Catch a great time with your kids

Published 11:25 pm Tuesday, September 7, 2010

“Whatever you do, do not let those crickets loose in the car.”

I delivered that simple instruction about four times before I let them get in the car at the start of our Saturday fishing trip.

We had stopped off at Blue Lake Grocery to pick up the much-needed purchases such as bait, a bucket (which they didn’t have) and snacks (which they did have). Since I forgot the cricket box, a very nice gentleman went out to his truck to see if he had an extra. Alas, he did not, so the crickets had to go in a paper bag. The only thing separating those crickets and freedom was a gem clip.

Before we left the house, I had already decided to take pity on those poor fisherman on Open Pond and spare the them the shrill shrieks of “She’s touching me,” “No, Dianna-Grace,” and “I got to go potty” that accompanies any sort of field trip of ours.

Instead, I elected to take them fishing at Buck Pond. Located in the Conecuh National Forest, this pond features a nice pier with very nice railing that keeps little children from falling in the water. It was just right up our alley.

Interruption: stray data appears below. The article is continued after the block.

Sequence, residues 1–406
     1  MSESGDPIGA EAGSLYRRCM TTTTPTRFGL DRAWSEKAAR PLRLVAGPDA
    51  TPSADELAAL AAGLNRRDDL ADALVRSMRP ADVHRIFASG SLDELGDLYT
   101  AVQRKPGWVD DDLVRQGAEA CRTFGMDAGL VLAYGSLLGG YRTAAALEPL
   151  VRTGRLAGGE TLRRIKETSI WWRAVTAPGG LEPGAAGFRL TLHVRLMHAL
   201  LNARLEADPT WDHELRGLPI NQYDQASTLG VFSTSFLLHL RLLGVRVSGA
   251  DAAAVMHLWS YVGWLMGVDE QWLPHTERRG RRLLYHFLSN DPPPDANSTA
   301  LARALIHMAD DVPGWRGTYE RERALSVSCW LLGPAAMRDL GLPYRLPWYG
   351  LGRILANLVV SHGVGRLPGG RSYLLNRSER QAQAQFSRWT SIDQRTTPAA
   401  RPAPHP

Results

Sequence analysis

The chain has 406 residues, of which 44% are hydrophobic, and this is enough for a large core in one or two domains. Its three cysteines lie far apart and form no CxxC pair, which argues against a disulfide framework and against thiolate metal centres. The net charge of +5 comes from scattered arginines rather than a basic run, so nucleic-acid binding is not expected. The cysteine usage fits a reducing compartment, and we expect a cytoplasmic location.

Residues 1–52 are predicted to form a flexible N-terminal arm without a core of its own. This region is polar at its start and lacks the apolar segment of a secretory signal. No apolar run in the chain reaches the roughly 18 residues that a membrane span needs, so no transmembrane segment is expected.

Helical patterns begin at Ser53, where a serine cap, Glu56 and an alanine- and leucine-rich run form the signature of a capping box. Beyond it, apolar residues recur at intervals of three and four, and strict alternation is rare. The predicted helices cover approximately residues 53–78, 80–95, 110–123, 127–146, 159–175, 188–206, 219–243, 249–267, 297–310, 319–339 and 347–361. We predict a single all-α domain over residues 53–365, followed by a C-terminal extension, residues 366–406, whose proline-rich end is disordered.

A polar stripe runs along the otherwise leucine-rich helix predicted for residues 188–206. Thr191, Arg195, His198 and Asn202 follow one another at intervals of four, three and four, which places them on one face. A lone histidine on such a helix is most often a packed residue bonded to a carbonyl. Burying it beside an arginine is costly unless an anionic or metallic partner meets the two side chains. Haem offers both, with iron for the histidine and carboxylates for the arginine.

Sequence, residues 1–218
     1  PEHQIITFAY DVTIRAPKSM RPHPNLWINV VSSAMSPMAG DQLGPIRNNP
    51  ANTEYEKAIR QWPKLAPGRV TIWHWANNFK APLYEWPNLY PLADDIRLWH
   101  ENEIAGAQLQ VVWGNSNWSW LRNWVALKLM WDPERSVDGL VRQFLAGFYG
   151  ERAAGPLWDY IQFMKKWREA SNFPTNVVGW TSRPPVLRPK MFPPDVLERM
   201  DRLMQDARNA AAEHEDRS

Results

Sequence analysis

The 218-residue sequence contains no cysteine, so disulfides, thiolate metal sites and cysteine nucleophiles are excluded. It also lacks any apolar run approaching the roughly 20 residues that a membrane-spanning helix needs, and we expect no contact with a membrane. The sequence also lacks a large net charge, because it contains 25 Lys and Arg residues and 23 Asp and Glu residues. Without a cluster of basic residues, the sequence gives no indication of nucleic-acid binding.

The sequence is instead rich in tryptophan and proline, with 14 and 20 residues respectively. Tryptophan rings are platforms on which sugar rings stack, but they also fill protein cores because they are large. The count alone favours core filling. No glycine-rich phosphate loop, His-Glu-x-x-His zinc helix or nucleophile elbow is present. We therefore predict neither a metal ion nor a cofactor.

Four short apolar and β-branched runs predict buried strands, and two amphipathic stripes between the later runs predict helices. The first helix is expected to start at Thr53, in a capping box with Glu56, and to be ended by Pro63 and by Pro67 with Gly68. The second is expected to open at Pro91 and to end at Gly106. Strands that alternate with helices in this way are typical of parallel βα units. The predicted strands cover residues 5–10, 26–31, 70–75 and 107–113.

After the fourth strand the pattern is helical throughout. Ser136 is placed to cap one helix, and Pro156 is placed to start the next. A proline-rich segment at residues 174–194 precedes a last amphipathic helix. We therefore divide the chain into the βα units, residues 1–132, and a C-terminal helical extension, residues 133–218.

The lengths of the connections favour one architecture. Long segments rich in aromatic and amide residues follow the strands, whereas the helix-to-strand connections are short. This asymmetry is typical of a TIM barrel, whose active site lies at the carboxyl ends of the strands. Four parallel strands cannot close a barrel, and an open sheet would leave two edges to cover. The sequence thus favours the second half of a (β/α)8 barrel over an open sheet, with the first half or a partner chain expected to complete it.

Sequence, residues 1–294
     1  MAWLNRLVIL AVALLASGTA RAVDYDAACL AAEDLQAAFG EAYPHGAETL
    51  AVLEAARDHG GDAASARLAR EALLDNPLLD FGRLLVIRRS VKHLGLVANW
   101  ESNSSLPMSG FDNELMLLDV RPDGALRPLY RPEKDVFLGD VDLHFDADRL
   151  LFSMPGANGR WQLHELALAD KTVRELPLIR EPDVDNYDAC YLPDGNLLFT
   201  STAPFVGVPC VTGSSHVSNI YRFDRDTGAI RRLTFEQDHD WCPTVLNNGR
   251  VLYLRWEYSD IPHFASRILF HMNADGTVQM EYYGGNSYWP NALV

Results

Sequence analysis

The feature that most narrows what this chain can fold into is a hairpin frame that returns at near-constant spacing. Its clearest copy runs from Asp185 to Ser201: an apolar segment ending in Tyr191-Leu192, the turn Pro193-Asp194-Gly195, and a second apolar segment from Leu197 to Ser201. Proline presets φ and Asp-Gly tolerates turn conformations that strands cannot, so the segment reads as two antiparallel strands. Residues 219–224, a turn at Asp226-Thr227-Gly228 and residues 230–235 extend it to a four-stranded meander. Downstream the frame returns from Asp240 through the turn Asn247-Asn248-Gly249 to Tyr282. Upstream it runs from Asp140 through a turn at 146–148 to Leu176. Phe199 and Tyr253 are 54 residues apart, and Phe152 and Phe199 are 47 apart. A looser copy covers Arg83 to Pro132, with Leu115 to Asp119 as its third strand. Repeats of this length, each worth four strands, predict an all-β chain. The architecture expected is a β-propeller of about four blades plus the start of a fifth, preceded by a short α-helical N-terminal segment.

There was a slight breeze stirring the water when we arrived. It took about 15 minutes to ready the poles. I had bought some inexpensive cane poles that only required a bit of knot tying before they were fishing ready. The oldest one was ready, armed with a rod-and-reel and pumped up on Coca-Cola and cheese puffs.

Slowly we – I really mean I – gathered up the gear and made our way down the path and onto the pier. Each step of the way, I was cautiously calling, “Watch where you put your feet.”

Once we arrived at our destination, it took a moment to separate the three. The left-handed one on this side, as to avoid any hooked eyelids (which by the way, I have seen happen in real life – to me) and the other two secured safely on the bench seat.

I, of course, was left holding the bag – literally – of crickets and nowhere to sit.

It wasn’t long before we got into the swing of things. Cricket on the hook and line slapped in the water.

Nibble. Nibble.


Nibble. Nibble.


On and on, the process went. We never caught a single fish, but you know what we did catch? A great time.

What I thought would be a one-hour trip turned into an all-afternoon adventure.

As a working parent, I oftentimes get caught up in making sure deadlines are met, clothes are washed and supper is on the table.

We should all slow down once and a while and go fishing.

That laundry will be there when you get back, I promise.

And the good news? Those crickets did not get loose inside the car, thank goodness.